Recipes that people torture to fit macros are awful, and I hate them.
(Does he mean the recipes, or the people? Both, damn you.)
‘Fitness food’ — a shotgun blast of macronutrients assembled with all the finesse of a blacksmith changing a tractor tyre. Usually justified with the phrase “it isn’t so bad, once you get used to it!”
That phrase isn’t for food. That phrase is for 60-rep Javorek complexes and working overtime and driving cross-country overnight and having children. There is absolutely no requirement that once food is good for you, it sacrifices being, well, nice.
These gorgeous beasts are syrniki — Ukraininan curd pancakes. They taste absolutely brilliant, and they’re quite simple.
And while I’d rather generally remove my fingers with piano wire than give exact macronutrient profiles of recipes, because for most people I think that’s totally counterproductive, the serving you see above (two medium pancakes) has 60 grams of protein in it.
Not a misprint. Sixty.
Starting from the German border, cheese culture changes as you go east. What we imagine as cheese in the French tradition drops away really fast as you go east — here in Poland, for instance, all the fancy cheese is French and all the local stuff is pre-cut slices of square block-yellow monstrosity. Eastern Europe doesn’t go in much for hard cheese.
What they do have are a massive array of FRESH milk recipes — curd cheeses, yoghurts, baked milk, buttermilks, kefir, and (my favourite) tvarog.
This is ‘farmer’s cheese’, similar to cottage cheese but a) it doesn’t taste like chalk and crying, it’s a bit smoother, and b) it has about twice the protein.
The word is Russian originally, but Poland (twaróg) and other countries have pinched it. It’s closely related but sometimes not 100% identical to German quark. The boundaries between these things are fluid and difficult to fully understand.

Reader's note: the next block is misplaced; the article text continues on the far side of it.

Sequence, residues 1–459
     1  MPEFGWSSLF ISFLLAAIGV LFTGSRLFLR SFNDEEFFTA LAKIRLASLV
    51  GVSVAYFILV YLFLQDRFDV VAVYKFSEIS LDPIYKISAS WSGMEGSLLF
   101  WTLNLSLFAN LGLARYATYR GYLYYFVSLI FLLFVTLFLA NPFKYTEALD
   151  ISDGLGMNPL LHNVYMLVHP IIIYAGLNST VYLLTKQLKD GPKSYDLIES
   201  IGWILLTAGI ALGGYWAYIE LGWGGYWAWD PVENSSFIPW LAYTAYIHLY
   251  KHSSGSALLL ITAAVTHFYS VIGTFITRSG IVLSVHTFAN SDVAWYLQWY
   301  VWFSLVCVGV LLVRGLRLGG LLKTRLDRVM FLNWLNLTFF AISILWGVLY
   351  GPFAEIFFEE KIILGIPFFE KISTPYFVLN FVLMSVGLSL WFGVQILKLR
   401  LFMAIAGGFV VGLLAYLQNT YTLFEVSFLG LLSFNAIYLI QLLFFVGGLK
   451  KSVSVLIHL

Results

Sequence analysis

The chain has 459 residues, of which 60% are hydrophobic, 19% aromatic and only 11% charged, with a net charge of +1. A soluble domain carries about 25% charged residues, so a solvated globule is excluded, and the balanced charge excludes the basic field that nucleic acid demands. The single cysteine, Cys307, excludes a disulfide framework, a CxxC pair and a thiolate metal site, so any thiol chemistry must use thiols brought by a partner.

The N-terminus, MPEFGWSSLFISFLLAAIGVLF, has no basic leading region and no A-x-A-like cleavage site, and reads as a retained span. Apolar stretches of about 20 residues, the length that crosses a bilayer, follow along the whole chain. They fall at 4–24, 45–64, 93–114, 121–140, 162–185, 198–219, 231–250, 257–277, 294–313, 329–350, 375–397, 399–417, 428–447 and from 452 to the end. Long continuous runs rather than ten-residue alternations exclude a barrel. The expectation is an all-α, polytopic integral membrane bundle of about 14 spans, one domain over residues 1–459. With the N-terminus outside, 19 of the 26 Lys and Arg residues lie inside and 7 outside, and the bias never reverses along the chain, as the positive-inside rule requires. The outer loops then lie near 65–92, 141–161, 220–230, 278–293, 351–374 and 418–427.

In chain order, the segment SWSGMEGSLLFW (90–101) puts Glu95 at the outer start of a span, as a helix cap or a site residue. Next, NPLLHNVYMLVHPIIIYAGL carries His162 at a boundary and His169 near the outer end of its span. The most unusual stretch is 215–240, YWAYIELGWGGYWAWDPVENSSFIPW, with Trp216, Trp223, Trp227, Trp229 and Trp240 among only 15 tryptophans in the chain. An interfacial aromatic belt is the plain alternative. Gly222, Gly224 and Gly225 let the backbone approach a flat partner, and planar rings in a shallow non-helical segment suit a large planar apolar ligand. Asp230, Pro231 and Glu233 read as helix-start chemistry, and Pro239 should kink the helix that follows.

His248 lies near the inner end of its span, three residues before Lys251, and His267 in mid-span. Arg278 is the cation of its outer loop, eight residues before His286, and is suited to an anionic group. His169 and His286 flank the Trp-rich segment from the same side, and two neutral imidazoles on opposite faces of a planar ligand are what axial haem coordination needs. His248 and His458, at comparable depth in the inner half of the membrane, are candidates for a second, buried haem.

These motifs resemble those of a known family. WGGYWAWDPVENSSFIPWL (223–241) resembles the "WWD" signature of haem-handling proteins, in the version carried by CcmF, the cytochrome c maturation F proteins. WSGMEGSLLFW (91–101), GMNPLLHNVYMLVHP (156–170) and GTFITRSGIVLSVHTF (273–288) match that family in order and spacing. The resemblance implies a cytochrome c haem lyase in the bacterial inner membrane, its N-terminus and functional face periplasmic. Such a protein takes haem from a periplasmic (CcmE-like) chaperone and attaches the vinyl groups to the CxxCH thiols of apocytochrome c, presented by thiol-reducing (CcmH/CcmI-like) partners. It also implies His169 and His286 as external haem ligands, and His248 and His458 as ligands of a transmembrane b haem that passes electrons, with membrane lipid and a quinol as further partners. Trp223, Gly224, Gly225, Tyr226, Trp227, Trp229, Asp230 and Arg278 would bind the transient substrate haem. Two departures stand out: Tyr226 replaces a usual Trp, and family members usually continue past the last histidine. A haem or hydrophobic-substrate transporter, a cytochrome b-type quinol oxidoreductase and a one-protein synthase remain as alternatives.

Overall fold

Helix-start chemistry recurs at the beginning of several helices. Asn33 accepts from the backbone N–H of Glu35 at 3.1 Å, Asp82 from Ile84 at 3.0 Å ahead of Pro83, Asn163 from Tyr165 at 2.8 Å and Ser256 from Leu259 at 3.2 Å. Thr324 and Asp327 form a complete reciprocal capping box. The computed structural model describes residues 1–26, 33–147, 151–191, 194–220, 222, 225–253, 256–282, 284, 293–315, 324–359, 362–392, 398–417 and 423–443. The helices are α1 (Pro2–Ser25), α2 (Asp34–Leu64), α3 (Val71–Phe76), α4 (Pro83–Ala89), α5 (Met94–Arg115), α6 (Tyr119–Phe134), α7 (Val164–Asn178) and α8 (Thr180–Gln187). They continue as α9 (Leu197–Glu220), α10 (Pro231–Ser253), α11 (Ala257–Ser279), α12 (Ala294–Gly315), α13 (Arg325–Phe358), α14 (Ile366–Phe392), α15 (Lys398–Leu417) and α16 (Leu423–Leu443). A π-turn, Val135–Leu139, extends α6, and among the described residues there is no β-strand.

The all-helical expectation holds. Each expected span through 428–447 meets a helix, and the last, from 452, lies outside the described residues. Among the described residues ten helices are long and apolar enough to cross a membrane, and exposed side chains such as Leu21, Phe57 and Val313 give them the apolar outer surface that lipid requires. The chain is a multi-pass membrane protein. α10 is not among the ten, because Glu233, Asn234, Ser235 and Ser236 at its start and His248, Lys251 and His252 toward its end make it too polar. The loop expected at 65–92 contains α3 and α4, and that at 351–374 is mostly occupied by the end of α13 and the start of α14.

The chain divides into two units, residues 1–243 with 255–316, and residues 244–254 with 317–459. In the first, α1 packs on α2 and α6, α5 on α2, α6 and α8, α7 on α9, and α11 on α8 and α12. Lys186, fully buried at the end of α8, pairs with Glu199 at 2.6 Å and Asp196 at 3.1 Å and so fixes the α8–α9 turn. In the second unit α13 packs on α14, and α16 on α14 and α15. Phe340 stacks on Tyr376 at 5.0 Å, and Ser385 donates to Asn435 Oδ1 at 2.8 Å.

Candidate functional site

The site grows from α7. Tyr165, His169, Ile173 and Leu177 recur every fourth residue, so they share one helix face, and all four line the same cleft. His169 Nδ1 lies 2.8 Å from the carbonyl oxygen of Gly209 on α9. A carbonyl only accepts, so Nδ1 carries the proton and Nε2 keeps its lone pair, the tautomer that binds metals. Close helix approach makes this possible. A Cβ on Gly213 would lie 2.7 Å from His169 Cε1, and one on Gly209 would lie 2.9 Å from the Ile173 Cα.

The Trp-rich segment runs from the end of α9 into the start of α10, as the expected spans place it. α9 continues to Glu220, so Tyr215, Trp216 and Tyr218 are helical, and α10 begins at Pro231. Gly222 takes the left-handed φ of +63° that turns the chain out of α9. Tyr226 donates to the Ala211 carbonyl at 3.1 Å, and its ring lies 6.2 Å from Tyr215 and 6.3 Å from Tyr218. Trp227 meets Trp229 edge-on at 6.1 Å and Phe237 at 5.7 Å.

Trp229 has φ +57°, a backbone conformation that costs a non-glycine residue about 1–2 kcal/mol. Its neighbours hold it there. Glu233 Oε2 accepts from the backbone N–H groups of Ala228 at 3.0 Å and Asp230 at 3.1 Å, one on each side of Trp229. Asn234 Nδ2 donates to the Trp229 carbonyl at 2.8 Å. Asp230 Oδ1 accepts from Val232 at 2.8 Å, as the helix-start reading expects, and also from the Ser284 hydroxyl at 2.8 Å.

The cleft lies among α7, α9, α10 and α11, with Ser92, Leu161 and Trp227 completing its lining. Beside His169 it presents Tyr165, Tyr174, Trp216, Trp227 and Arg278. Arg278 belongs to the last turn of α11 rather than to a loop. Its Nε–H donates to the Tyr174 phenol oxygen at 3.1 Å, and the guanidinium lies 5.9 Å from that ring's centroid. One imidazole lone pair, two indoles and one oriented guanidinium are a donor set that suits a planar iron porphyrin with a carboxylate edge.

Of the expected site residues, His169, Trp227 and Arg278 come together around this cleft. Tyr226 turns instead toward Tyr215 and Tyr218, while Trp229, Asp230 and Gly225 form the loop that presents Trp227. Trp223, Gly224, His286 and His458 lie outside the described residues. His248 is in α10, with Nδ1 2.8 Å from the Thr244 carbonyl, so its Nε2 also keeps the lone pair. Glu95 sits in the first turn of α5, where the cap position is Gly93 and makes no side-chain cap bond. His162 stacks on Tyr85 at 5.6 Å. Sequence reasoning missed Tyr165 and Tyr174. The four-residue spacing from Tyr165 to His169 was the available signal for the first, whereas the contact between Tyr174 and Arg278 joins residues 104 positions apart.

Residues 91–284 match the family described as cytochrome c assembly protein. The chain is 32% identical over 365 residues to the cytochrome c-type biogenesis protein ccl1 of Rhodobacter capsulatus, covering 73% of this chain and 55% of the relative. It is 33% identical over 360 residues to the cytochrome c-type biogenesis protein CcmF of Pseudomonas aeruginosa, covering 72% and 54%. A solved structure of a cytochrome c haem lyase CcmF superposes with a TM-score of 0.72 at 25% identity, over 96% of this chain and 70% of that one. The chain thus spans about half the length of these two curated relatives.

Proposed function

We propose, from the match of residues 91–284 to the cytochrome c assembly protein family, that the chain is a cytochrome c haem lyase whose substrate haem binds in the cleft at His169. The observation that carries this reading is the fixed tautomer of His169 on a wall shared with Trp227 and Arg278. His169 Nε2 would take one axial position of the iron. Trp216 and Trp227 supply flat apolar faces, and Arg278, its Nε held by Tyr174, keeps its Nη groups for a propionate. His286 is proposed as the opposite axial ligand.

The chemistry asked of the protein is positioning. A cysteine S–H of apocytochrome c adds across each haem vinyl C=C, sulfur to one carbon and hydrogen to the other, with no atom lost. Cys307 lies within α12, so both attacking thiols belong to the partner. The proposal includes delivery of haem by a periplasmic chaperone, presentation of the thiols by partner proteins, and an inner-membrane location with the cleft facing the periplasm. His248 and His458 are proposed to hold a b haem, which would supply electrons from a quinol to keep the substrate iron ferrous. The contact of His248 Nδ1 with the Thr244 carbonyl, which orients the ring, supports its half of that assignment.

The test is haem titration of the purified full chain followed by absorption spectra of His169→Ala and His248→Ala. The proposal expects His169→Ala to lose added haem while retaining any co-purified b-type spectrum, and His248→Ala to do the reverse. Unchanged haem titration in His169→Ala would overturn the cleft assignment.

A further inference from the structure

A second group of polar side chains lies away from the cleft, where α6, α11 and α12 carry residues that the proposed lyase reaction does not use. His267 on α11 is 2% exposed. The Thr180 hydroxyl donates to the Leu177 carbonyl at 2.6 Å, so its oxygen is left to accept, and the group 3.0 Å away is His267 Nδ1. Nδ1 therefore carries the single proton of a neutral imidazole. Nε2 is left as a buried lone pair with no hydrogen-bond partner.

The most common use of twaróg in Poland is probably twarozek, which is a savory dip or spread made of soft cheese, chives, garlic, spring onion, and so on. I’ll be honest with you — I’ve had it in a milk bar (bar mleczny) and made it a few times, and while I see the point, it’s as exciting as a wet Saturday.
Let’s leave the finer points of difference between the products, so I don’t end up using words like thermophilic. Let’s just eat the damned stuff the best way possible — syrniki.
Recipe — Ingredients
250g twaróg chudy (This is 0% or 3% fat, chudy means thin — you should be able to find it at an Eastern European delicatessen. A ‘farmer’s cheese’ will do in a pinch… cut the salt down below if you get a salty one.
Or, you can make your own… it’s simple but it takes a day or two. Regardless, it should be fairly dry — the recipe won’t work if it’s loose. Protein content is a good indication of how much it’s been drained, mine here has 20g per 100g.)
1 level teaspoon of salt
2 heaped teaspoons of sugar
About half a cup of normal white all-purpose or cake flour
Recipe — Instructions
Mix the twaróg, egg, salt and sugar in a bowl with focus and fury. You can’t really over-mix at this stage, so go to town. Twaróg has a crumbly kind of texture which we want to mostly remove for pancakes. Keep mixing until it’s almost completely smooth, which will take a few minutes.
(If your wrist hurts, go back in time and choose a different childhood where you didn’t grow up to be such a big sook.)
Now, add about a third of a cup of flour. Mix it gently until JUST combined. You want a fairly wet kind of dough, it should be sticky but come together well into a single clump.
Heat a non-stick pan on your stove-top to medium-high heat, add a tiny bit of oil (you don’t need much), and swirl it until the oil is fluid and coats the surface. Turn the heat down to medium/medium-low.
Wash your hands. Leave them wet.
Scrape out half the mixture into your wet hands, using your fingers like a spatula. Roll it between your hands, and it should form a clump. Drop it in the pan, and spin it several times to get the bottom surface to seal to the pan nicely. Don’t drip water into the hot oil!
Wet your hands again.
Use your wet fingers to ‘prod’ the top of the dough ball until it starts to flatten out. When it’s pancake shaped, agitate the pan so it doesn’t stick. Do this every 90 seconds or so until it’s cooked on one side (four or five minutes). Flip it. Cook until done, another one-and-a-half to two minutes or so.
It’s hard to get it wrong, but it is possible…
On the left, pan too hot. See the edges blackening? You run the risk of this burning properly and turning acrid. If the edges are bubbling aggressively while it’s cooking, this is what happens if you don’t turn it down.
On the right, not enough oil. See the ‘glassy’ brown surface? It sticks to the damn pan, and it cooks at ‘two speeds’, with a browned outside and a raw inside. Remember to re-oil the pan — not much, just enough — for each fresh syrniki.
To serve? Whatever you like. I like finely sliced green apple and natural yoghurt for a bit of acidity, as these are wonderfully rich and a tiny bit sweet/salty.